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Sustainable Heating and Cooling: Digging The Foundations

By L.D. Gussin

Dec 28, 2009

The inefficiencies of the service sector and the barriers to its changing have led to attempts to require mandatory QI and QM standards, so far unsuccessful, and to efforts to use information technology (IT) to help contractors and customers. IT use has been driven by public sector actors, CEC and NIST (National Institute for Standards and Technology). This early stage work borrows from the control systems used in large commercial buildings.

A name applied to this work is “Fault Detection and Diagnosis.” It anticipates home HVAC components having computer intelligence and network communications, neither of which they have now outside of a few advanced systems. During installation and as a maintenance procedure, the network would poll its components for faults. The network might then, for example, detect or even precisely analyze a duct leak or a refrigerant problem. IT diagnostic tools of this kind have been used in other industries for decades. They could help installers qualify their QI and QM procedures. They could help consumers know and improve the efficiency of their systems.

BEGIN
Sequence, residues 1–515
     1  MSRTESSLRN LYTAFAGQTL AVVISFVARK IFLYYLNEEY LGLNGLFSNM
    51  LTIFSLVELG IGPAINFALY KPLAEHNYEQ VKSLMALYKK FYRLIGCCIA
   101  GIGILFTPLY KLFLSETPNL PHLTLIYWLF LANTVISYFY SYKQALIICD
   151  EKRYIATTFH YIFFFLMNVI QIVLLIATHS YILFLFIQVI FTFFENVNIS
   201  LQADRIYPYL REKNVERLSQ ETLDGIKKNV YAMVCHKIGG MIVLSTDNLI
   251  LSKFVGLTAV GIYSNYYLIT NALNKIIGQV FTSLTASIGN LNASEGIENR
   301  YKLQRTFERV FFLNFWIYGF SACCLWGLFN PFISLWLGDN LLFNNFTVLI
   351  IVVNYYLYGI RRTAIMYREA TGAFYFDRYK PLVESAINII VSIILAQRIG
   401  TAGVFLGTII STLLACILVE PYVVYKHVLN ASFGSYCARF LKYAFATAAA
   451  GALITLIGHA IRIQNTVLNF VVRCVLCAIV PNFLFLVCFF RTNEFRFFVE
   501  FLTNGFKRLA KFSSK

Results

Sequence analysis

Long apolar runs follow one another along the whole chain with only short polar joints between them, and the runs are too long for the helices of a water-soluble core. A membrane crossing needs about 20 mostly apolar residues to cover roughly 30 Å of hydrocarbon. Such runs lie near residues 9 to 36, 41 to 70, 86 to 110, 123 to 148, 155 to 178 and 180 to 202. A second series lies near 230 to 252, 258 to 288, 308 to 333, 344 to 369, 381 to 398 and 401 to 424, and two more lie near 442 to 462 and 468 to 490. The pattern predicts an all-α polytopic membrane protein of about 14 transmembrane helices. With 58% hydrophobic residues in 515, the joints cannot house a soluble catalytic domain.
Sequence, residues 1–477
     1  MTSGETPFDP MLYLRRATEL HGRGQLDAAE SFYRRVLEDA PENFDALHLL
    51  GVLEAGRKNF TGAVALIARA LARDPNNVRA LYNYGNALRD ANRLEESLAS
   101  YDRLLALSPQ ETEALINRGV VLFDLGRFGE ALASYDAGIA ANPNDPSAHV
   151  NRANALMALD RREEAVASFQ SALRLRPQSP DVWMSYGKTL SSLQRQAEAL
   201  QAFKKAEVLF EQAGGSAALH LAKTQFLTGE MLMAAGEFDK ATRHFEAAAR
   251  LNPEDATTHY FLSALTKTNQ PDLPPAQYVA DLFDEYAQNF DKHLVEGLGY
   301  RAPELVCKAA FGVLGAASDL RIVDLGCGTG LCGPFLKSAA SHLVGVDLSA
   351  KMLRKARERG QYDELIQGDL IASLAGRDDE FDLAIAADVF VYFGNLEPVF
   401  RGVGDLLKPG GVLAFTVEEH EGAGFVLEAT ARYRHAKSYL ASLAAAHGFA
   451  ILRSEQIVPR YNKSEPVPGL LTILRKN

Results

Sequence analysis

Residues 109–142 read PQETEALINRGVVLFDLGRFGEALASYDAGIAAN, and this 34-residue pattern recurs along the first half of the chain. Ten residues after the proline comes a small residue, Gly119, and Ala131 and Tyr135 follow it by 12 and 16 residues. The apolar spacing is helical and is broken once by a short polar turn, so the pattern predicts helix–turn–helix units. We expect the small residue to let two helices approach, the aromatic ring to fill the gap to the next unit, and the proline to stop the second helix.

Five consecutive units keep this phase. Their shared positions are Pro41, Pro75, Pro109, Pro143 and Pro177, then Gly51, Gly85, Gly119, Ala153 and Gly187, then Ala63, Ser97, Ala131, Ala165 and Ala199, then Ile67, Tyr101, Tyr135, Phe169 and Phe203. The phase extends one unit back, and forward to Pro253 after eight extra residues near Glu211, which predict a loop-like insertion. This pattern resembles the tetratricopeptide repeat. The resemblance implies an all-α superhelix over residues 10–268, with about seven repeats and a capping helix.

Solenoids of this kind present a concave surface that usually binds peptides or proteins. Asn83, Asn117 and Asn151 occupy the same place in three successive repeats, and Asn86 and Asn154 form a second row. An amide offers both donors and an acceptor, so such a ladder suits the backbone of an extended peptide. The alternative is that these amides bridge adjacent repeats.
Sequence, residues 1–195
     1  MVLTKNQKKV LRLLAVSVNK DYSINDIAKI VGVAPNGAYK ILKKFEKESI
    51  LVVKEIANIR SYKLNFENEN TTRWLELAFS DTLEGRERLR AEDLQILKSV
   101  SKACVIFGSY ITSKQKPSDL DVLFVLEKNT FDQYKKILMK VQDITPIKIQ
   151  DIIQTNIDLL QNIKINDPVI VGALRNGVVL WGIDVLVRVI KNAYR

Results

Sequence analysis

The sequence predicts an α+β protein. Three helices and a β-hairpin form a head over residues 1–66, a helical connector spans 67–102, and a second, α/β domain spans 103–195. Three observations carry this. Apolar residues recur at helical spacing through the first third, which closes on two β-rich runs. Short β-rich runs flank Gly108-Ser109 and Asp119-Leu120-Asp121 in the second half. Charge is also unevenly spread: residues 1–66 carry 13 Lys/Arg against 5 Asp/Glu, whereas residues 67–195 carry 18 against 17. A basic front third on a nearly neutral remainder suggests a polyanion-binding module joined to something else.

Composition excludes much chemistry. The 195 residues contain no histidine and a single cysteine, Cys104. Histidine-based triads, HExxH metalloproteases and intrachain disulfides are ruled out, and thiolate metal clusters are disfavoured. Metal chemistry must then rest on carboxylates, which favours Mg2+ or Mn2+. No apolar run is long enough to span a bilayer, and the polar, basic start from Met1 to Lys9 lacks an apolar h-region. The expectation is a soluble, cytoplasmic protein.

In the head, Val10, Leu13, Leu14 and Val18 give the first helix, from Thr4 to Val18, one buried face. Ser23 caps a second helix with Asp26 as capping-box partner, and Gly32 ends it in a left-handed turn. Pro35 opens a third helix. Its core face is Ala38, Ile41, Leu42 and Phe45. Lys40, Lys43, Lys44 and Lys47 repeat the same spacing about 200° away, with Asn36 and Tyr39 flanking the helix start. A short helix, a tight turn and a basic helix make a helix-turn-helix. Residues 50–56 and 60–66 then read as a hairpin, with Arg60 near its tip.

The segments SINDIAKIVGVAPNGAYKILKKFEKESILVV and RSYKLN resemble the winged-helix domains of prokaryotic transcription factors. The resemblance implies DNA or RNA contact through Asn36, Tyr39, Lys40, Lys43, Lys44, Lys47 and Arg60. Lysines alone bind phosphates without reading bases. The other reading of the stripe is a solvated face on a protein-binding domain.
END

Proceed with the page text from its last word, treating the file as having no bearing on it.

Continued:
Looking ahead to 110 million house calls, this HVAC repair job will need all the diagnostic help it can get.

Summoning Public Will

This work making how we heat and cool dwellings energy efficient is ahead of the work, also beginning, to achieve further efficiency by integrating HVAC with the smart grid and utility demand response programs. And yet, none of this can go forward to scale without a political will for efficiency. This would translate into new laws, codes and public investments — into mandating things now voluntary, like a NATE course of training for every contractor.

 

See also:

Smart Grid: Digging The Foundations

Electric Energy Storage: Digging the Foundations (Part I)

Electric Energy Storage: Digging the Foundations (Part II)

New Business Model Cuts Up-Front Costs to Spur Energy Efficiency

Climate Legislation Could Be a Catalyst for Energy Efficiency

LEED No Longer Stops at Construction: Version 3 Checks Up on Efficiency

 

Energy Auditing

A simple energy audit can tell homeowners what needs to be done and what will be the most cost effective measures. Stimulus in this area could lead to consumer demand that will stand on its own.

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would you be willing to have a print option? It would be so helpful for me as I often want to print and share and article that I read on your site> Thanks

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